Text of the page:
Yehuda Guetta, left, and the scene of the deadly drive-by shooting in May

Family of terror victim seeks to confiscate property of suspected killer

Civil lawsuit in both Israel and U.S. seeks to impound land on which West Bank home of Yehuda Guetta's accused killer stood before it was demolished by IDF; family's lawyer calls move 'unprecedented procedure that will teach terrorists there is no corner of world where we will not reach them'

Elisha ben Kimon |
Published: 07.11.21, 16:43
The family of 19-year-old Yehuda Guetta, who was killed in a terrorist attack in the West Bank in May, plans to file a civil lawsuit in both Israel and the United States seeking to impound the land on which his accused killer's house stood before it was demolished by the IDF last week.
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  • The suit also seeks to impound the rest of the indicted Palestinian-American's property.
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    יהודה גואטה וזירת הפיגוע
    יהודה גואטה וזירת הפיגוע
    Yehuda Guetta, left, and the scene of the deadly drive-by shooting in May
    (Photos: Courtesy, Yoav Dudkevitch)
    The army demolished the house of suspected terrorist Muntasir Shalabi in the village of Turmus Iyya near Ramallah after the High Court rejected an appeal on behalf of his estranged wife who said she lived there with three of their children but without him.
    “We will file the lawsuit in both Israel and the United States, as the terrorist is a U.S. citizen, and we will pursue the killer's assets," said attorney Nitsana Darshan-Leitner of the Shurat Hadin Law Center, who is representing the Guetta family.
    "It will be an unprecedented procedure that will teach the terrorists and their dispatchers that there will be no corner of the world where our hands will not reach them. That the victims of terrorism will continue to pursue them forever,” she said.
    The demolition of the home of accused terrorist Muntasir Shalabi in Turmus Iyya
    The U.S. embassy in Jerusalem last week condemned the destruction of the house.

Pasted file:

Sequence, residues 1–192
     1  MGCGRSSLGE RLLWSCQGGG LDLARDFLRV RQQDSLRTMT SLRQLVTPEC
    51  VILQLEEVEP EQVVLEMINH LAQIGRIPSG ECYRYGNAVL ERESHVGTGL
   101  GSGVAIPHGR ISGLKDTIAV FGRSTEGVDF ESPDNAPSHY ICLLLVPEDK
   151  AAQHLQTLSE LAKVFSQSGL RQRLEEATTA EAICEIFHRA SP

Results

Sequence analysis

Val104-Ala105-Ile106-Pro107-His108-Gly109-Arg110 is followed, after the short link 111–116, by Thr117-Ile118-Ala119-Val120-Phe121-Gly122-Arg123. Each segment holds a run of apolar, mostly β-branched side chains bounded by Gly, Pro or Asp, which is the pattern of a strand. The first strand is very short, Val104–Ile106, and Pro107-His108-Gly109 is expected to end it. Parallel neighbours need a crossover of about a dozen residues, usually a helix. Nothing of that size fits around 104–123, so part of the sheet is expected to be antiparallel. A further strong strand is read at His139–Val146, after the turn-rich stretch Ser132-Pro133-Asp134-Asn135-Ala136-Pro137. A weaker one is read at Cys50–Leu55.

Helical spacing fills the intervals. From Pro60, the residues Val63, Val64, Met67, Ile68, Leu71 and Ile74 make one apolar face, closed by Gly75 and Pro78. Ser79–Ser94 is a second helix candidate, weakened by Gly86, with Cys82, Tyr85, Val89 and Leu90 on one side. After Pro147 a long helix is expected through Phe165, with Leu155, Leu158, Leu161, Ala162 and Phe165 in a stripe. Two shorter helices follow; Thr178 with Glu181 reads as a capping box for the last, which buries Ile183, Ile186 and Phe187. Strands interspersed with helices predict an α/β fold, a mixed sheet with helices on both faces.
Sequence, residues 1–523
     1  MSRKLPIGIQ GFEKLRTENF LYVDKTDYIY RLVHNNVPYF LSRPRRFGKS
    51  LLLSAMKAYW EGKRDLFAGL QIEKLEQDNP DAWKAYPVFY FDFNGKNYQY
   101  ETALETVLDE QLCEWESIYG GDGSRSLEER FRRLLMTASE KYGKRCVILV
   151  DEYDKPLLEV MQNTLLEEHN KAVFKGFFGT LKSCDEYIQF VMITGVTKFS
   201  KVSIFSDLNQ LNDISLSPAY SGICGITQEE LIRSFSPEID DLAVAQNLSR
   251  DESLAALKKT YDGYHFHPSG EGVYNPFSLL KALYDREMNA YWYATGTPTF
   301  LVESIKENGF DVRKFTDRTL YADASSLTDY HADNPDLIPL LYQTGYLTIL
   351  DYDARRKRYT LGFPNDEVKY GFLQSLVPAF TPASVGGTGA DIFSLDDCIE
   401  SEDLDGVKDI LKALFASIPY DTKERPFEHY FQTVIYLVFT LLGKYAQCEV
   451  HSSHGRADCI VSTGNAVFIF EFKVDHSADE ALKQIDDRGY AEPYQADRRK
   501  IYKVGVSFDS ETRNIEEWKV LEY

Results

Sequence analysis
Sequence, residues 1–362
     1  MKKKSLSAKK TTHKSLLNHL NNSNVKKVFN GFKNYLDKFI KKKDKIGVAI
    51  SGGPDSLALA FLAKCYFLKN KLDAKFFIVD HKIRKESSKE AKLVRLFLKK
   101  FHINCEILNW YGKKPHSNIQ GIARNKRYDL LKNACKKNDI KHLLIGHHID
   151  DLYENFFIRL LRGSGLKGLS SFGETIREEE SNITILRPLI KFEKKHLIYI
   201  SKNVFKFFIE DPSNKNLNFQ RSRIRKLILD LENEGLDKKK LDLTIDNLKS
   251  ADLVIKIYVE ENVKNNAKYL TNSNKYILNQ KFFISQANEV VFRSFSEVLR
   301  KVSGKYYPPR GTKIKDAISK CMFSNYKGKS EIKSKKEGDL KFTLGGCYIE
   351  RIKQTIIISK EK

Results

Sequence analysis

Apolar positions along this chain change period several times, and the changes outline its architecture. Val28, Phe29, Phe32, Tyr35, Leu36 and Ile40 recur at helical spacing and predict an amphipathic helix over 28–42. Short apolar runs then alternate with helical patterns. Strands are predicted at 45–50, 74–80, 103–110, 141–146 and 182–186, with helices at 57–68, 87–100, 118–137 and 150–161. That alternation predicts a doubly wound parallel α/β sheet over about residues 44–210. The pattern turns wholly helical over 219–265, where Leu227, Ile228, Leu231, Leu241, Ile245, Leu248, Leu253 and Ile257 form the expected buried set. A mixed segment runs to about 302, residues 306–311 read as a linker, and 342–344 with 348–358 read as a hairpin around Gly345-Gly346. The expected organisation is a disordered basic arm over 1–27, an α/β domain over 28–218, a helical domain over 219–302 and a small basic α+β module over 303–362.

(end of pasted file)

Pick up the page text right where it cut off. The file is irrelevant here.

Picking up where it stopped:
"We believe it is critical for all parties to refrain from unilateral steps that exacerbate tensions and undercut efforts to advance a negotiated two-state solution, this certainly includes the punitive demolition of Palestinian homes," the statement said.
    "As we stated numerous times, the home of an entire family should not be demolished for the actions of one individual. Due to privacy considerations, we cannot say anything beyond this.”
    The Guetta family expressed outrage at the condemnation, accusing the U.S. of "stand[ing] by a terrorist who came from the United States to carry out a cruel shooting attack on innocent Jewish students."
    “The Americans’ attitude requires us to find every way to prevent the next murder. And if it is through confiscating his land, we’ll do it,” Elisha Guetta said. “We’ll speak in their language, in court.”
    The family of Benaya Peretz, who was seriously wounded in the attack, will also join the Guetta lawsuit.
    The claimants intend, among other things, to gather information about the terrorist's assets in the United States and the Palestinian Authority in order to attach them to the lawsuit as well.
    "Every terrorist should know that there is a very high price for murdering a Jew. That even if he doesn’t care about his life, we will gain control over what’s more important to him than that," Leitner said.
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